Fulfilment of the accessibility requirements is not difficult from a technical point of view. However, a prerequisite for this is the ability to consider the requirements already in the service development phase, and designers and developers must be familiar with the solutions resulting from the requirements.
In the best case, accessibility can be a driver of service development, as it clarifies the features required from web services.
The software developer section is only available in English.
The tools and methods featured in the modules take into account the role and responsibility of the person in taking accessibility into consideration when developing a new service.
- Identifying the key user groups of the service and understanding their needs.
- Responsibilities of the client and the supplier (procurement, implementation, testing).
- Who determines and owns accessibility?
- Practical perspectives on procurement and tendering.
Read more in the ‘Objectives of the service’ module.
- Use cases describe what functions service users need from a service and how these functions are performed in the service.
- Well-created use cases steer user interface design. They help avoid the accumulation of unnecessary functions and contents in the service.
- Use cases are also key in successful accessibility user testing.
Read more in the ‘Use cases’ module.
- The specification phase involves making sure that the visual and technical structures of the service work together in a manner that facilitates effortless production of accessible code.
- Examples of the tools used include so-called wireframe models and interactive user interface prototypes.
- Helsinki Design System (HDS) provides a library component interface that must be taken into account in the specification phase.
Read more in the ‘Software specification’ module.
- This work phase involves implementing (coding) and testing the technical solutions of the service, such as the user interface components and the page structure.
- The specification and use cases are iterated as needed.
- The visual style of the service is created in conjunction with the coding and specification processes, never separately.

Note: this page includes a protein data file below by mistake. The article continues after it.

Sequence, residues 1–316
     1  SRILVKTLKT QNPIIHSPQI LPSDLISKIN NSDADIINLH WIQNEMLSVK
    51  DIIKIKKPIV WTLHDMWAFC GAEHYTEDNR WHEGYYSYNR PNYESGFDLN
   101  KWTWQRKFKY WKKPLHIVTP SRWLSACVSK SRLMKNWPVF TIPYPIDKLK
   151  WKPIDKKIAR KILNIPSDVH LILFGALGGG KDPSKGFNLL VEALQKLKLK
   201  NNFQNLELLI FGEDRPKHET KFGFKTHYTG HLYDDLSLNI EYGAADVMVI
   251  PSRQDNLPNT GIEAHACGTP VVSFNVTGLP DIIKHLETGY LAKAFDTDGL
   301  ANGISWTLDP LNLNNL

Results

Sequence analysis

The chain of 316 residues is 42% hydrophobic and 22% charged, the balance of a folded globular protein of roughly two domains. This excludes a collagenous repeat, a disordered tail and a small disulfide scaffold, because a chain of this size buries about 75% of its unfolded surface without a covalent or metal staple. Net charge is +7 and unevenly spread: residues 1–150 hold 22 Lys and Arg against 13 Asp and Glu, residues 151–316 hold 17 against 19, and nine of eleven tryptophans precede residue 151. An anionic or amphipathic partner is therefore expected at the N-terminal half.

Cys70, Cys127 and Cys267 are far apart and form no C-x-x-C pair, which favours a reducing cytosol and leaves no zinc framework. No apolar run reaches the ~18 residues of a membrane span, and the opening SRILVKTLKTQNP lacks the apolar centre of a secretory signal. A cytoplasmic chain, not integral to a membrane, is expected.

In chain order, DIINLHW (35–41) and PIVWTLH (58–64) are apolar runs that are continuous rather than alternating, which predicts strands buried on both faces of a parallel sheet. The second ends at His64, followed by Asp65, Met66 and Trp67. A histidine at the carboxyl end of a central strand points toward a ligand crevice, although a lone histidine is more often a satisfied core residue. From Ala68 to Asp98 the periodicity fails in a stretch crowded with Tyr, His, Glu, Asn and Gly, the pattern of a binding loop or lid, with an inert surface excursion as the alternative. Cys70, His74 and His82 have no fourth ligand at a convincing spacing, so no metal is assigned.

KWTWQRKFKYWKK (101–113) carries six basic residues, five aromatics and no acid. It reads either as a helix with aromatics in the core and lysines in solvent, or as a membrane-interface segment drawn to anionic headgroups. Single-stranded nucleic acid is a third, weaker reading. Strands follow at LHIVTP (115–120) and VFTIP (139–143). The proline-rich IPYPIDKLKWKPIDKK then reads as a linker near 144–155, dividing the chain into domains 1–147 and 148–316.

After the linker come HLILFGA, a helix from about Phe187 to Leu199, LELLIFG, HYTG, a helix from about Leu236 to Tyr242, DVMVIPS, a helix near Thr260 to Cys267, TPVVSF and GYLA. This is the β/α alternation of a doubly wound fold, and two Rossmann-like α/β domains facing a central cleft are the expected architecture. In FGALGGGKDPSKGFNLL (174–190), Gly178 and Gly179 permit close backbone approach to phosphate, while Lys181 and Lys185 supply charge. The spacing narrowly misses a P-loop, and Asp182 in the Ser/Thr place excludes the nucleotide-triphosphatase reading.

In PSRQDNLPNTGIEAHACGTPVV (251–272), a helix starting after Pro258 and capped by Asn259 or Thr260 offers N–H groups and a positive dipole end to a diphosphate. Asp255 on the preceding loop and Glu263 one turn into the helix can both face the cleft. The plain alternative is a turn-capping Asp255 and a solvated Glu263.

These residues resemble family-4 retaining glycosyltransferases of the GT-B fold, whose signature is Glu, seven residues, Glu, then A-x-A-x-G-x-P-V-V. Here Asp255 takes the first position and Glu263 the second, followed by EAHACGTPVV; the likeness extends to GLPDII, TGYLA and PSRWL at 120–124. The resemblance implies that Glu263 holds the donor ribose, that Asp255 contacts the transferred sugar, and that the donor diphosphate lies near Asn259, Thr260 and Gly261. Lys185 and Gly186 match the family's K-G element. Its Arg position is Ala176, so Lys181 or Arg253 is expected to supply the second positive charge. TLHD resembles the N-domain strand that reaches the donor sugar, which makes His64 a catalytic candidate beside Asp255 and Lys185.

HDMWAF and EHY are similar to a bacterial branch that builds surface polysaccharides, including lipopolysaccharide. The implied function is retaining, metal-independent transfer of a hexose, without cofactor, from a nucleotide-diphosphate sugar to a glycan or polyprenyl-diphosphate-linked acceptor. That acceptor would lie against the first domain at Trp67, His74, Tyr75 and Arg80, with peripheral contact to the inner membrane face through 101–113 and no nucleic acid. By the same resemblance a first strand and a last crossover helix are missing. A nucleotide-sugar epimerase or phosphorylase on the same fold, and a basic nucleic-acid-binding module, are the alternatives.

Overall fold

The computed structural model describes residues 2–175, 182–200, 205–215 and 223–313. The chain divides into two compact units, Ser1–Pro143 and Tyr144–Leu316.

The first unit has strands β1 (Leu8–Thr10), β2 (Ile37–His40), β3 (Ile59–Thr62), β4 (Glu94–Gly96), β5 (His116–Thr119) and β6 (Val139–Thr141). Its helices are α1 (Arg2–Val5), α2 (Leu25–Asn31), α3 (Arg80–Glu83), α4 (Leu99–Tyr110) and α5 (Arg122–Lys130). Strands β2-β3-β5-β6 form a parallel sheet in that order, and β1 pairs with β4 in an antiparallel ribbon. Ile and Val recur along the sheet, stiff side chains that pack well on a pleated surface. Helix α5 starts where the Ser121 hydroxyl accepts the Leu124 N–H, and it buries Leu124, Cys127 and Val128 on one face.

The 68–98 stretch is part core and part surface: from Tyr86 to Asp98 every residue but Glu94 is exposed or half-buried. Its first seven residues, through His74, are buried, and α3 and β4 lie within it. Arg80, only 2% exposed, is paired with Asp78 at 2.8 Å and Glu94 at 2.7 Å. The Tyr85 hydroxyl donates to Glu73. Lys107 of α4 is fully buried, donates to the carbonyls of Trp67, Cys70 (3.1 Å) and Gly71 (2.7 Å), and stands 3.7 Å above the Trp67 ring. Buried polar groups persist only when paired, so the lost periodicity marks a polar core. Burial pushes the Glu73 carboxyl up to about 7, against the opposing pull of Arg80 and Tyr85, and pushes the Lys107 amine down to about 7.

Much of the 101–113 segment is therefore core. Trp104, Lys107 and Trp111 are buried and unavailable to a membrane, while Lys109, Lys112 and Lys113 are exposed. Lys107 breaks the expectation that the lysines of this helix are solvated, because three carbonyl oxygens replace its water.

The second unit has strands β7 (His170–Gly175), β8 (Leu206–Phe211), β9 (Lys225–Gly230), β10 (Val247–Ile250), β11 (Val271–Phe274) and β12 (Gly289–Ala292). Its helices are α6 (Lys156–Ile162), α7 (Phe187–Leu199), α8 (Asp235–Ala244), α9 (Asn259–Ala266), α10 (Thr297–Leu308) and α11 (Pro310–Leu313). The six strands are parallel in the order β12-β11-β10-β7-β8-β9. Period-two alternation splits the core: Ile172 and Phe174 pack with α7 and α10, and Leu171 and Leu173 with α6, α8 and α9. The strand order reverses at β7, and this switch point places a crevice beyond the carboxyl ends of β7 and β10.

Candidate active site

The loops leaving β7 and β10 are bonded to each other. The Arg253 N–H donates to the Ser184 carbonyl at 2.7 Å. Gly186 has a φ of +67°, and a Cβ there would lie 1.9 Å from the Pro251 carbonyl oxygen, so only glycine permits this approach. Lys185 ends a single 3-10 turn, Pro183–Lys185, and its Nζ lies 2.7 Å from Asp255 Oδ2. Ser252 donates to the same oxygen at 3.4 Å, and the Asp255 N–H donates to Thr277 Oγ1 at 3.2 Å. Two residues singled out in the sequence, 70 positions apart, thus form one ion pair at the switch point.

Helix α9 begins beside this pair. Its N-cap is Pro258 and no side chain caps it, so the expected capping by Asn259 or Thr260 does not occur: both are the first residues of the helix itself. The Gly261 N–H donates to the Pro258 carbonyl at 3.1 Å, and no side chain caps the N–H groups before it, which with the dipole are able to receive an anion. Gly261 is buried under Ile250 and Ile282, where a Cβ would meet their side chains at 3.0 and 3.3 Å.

- Helsinki Design System (HDS) provides ready-made, reusable library components and implementation instructions for easy accessibility assurance.
Read more in the ‘Implementation and software testing’ module.
- How can the accessibility of a service be assessed and improved through user testing carried out with special users?
- What practical differences and considerations are related to testing carried out with special users?
- Application of City-wide, unified testing practices.
Read more in the ‘Accessibility user testing’ module.
- In the accessibility audit process, the accessibility of the service is assessed as a whole and more broadly than individual components or usage paths.
- The auditing is based on legally prescribed requirements. The tools used include the WCAG (Web Content Accessibility Guidelines) criteria.
- An audit carried out in accordance with the Accessibility Model will produce an up-to-date accessibility statement required by law.
Read more in the ‘Accessibility auditing and creating an accessibility statement’ module.
- Accessibility must also be taken into consideration systematically after publishing when content is produced for the service or the service is developed further.
- Of what kind of use could the testing tools be in monitoring and maintaining the accessibility of the service?
- What must be taken into consideration when deciding to expand, overhaul or otherwise develop the service?
Read more in the ‘Maintenance and post-publication development’ module.
Utilising the help of experts is also recommended. The accessibility service is intended for making sure that digital accessibility is taken into consideration in all service and content production phases from development to publication.